I started not sleeping. I started not eating right. I started feeling like everything awful in the world was about to happen. Everything made me sick. Everything is a jumble here. I disappointed my miracle boss. I quit my job with enough savings to give myself a breather. I moved out of the house. There was a lump on my breast but it wasn’t cancerous. The state emptied my bank accounts for the restitution. I had no more savings and no more time for a breather, so I started working again. The constant pain was exhausting and invisible. Something was not right with my body, with my mind. I started fixing it with prescriptions. Then fixing side effects with more prescriptions. There were panic attacks in here, hormone panels and MRIs and endless therapy appointments, both group and one-on-one. I found out I would likely never be able to have a child. There was a stalker and a restraining order. There was a talk with the state about prison policy. Oh, and there were sushi burritos and tater tots with cheese, and movie theaters, and very kind boys who took me on very nice dates. Boys became singular. There was travel, minimal, and the anniversaries of all things. I got used to Long Beach this year and I’ve met some blog friends I didn’t really expect to meet for a very long time.
Rarasaur blog turned 5. I visited my family back home, in a city I’d never been to before. Somehow in the chaos of my years, my little sister got married and had a baby. My baby brother got married and had two. My younger brother got married and had one. My best friend got married and had a baby, too. I had a birthday this year, and nothing bad happened. I found a tiny door on the side of my building and made it a gnome home.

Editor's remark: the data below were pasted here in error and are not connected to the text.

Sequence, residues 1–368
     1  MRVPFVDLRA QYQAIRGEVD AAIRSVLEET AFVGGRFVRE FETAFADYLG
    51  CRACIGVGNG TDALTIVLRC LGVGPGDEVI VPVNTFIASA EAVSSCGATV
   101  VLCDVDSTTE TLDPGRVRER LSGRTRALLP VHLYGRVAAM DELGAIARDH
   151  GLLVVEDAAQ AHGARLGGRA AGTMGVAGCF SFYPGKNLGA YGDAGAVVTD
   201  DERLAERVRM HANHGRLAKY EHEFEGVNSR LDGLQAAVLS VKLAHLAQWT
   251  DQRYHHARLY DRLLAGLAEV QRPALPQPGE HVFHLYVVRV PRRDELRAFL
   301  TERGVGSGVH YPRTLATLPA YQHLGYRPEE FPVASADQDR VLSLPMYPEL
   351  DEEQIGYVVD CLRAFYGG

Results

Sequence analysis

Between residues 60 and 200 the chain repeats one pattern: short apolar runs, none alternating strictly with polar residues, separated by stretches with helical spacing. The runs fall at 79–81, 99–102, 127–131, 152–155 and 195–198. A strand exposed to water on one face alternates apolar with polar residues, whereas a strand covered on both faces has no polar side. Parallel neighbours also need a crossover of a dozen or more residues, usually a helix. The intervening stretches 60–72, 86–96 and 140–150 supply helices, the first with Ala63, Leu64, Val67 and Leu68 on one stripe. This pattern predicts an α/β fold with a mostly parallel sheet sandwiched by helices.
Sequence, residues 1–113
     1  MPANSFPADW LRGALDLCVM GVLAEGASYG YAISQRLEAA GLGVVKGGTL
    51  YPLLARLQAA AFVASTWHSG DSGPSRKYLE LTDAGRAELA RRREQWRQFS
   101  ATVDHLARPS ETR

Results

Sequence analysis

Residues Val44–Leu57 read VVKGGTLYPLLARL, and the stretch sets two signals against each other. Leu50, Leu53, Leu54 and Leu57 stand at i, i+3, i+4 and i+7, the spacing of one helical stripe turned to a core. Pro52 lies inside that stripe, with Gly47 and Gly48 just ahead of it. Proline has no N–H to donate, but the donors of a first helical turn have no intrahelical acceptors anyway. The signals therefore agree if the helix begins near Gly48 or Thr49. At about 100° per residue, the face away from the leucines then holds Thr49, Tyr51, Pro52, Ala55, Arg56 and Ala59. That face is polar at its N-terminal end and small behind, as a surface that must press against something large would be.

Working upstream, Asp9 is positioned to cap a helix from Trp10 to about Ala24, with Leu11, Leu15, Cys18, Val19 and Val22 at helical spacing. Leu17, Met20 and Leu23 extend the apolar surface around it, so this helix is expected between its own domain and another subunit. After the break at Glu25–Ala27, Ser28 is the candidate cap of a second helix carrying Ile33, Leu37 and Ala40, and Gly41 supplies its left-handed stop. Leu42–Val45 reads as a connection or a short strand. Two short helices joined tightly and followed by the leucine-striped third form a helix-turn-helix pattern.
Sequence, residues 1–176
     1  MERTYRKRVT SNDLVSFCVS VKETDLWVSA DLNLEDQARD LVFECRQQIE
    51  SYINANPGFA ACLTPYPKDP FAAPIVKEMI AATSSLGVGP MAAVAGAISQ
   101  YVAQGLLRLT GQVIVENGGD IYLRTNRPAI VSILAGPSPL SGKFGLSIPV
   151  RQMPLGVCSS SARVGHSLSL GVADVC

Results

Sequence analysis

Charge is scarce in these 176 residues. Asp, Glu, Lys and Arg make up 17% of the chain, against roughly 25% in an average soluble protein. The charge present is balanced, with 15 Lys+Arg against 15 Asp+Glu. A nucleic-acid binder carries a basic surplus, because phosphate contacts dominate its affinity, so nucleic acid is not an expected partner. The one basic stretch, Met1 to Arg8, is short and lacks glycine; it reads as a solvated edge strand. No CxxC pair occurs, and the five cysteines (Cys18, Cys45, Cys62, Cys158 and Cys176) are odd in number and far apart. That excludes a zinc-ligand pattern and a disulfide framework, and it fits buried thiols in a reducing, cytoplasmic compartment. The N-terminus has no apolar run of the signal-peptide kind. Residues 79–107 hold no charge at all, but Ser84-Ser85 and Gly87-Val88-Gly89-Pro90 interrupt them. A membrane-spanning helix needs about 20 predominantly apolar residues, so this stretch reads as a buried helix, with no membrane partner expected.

It’s November 2017, and we’re doing NanoPoblano again.
And I am tired.
I’m sure everyone’s life looks like this, if listed out, but I am tired just thinking about it and I’m always looking for ways lately to make my life less stressful. I tell people, on a scale of 1 to 10, I don’t want to mess with anything above a three.
Less than three.
Less than three.
The first year of freedom, I was always looking for the right way to start rebuilding my life. This last year, I’ve been looking for any way to rebuild my life. Most days, I feel like I’ve wasted my time. I feel so ungrateful. I’ve seen so many miracles. The universe has given me so many kind people, so many second chances, so many safe places. I’ve been free since July 2015.
Why do I feel so stuck in the brokenness?
Will I ever heal?
Then I really look at this listing of events. I really look.
And I take a deep breath.
I figure I owe myself about a million more of those. It has been a long seven years.
I don’t mean that to say I am owed anything, or have achieved anything. I only mean that when I see it all written out, I think to myself, that I have done the best I could. That’s all I would have asked of one I love, and so that’s all I’m going to ask of me.
I have plans that I’ll share with you later. Tomorrow’s post will be a picture, so don’t worry about having to read another treatise. Today, I am just trying to live at less than three.
Less than 3.
< than 3.